Complaint Letter Against Senior Co-Worker | Complain Against Leader Or Supervisor
How to write a formal complaint letter about a coworker
If your manager is fully aware of the difficulties you are having, they may be able to assist you in resolving a conflict with a coworker. To complain to your boss about someone else you work with, follow these steps:
1. Try to resolve the conflict on your own
Consider attempting to write a letter to your boss if you believe you can resolve your conflict with a coworker together. You might discover that the root of your problems is a misunderstanding. Colleagues frequently work together to solve problems and become even better at working together as a result of the experience they had.
2. Make sure you have an issue to report
Before deciding to send a formal letter of complaint, think carefully about the validity of your complaint. Some people find it challenging to collaborate with a colleague due to a personality quirk or annoying habit. It might be worthwhile to write a letter to your manager if your coworkers’ behavior has made you feel uncomfortable or harassed, or if their behavior significantly undermines your productivity and work ethic.
When deciding whether the circumstance justifies a letter, consider your own actions. It might be best to reevaluate the situation, make any necessary corrections, and see if the problem persists if you in any way contributed to it. If you’re at all accountable for the issue, your boss might not take your complaint seriously or you might also face consequences.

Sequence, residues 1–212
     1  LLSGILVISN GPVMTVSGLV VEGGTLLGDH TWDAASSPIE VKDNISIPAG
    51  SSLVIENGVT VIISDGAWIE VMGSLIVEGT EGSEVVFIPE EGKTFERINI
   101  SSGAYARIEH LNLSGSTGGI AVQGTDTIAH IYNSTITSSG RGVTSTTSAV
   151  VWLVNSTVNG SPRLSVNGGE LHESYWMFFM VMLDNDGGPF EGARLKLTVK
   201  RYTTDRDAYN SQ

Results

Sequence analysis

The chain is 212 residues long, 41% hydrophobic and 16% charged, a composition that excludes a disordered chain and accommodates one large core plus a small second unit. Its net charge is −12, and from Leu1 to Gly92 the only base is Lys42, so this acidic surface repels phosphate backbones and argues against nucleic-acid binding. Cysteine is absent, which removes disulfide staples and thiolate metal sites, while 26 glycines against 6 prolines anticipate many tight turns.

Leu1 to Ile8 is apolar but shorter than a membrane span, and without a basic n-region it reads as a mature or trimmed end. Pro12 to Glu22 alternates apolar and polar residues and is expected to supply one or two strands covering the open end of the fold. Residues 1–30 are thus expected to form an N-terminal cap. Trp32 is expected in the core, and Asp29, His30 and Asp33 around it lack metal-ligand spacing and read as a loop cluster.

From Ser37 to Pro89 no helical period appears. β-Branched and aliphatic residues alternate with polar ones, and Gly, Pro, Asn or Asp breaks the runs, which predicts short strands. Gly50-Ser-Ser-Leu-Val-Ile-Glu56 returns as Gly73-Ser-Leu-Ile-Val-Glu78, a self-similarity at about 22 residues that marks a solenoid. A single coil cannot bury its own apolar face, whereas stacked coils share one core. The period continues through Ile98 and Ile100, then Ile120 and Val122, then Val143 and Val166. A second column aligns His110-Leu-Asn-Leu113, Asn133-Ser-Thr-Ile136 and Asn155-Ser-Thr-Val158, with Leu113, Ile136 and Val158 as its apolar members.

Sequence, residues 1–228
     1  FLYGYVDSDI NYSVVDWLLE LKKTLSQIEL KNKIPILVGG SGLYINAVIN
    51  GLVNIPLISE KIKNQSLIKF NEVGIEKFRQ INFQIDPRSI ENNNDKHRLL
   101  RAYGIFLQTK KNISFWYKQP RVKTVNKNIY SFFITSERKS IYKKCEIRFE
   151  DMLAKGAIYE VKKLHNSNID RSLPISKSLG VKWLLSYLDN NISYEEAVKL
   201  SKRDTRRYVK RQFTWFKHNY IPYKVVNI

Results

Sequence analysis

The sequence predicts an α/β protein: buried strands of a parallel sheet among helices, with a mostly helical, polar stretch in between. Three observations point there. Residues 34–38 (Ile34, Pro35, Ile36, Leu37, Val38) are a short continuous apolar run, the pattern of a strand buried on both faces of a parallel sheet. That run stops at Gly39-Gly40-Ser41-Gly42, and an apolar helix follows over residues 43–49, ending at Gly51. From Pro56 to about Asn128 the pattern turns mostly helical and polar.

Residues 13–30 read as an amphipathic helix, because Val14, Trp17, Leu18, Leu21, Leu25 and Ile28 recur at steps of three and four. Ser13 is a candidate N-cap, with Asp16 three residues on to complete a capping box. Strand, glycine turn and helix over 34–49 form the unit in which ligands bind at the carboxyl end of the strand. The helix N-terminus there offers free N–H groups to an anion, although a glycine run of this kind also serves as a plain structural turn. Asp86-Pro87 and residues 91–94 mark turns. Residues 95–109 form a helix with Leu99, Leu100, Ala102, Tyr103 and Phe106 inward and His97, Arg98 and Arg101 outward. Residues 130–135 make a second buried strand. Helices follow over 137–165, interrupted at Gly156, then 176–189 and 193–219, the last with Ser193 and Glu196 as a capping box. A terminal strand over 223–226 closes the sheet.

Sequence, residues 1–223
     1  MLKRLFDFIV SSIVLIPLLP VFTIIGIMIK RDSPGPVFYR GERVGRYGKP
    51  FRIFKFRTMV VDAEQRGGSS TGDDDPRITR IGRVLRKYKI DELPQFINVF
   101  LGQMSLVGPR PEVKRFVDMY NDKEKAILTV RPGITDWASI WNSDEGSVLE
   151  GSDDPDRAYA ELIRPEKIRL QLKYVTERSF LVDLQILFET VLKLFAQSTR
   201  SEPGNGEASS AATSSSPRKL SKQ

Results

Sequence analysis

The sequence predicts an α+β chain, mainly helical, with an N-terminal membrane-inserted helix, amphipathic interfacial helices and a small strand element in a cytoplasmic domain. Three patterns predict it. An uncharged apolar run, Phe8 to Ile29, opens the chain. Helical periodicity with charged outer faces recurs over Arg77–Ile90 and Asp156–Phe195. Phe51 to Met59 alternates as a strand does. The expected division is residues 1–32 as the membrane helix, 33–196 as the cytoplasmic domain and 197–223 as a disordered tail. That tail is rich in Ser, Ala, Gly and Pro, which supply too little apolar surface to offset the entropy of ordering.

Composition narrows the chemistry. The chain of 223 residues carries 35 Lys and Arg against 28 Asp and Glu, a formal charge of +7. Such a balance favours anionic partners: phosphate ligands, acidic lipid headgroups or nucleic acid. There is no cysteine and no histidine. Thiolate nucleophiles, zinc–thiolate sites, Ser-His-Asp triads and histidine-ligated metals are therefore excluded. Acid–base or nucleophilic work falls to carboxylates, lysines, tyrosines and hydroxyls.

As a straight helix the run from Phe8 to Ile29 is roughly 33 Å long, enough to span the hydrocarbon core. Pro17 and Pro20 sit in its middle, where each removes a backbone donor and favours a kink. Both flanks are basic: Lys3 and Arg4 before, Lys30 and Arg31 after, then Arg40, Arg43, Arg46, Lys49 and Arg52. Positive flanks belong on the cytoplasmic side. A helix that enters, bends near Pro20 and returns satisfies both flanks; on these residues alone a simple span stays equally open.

3. State the purpose of the letter
Your letter should begin with a statement that explains why you are writing. Make sure your boss is clear on what they can expect to read in the letter and that there are no ambiguities.
Your directness in stating the purpose of your letter can ensure that your manager gives it the appropriate attention because workplace complaints can be serious and many employers want to address these issues as soon as possible. Without these urgent details, you run the risk of your manager taking longer to review your letter, which will make it harder to resolve the conflict you have with your coworker.
4. Include a lot of details
Ideally, you kept a record of your interactions with your coworker before writing your letter to demonstrate the conflict you have been having. Make reference to it as you write your letter so you can be as specific as you can. Tell your manager about the incidents in a chronological order so that they can comprehend the sequence of occurrences and how your workplace conflict may have developed into what it is now.
Try to remain impartial while sharing the details even though you are involved in the situation. Keep a neutral tone and relay the information very factually. Do not include any assumptions or inappropriate accusations.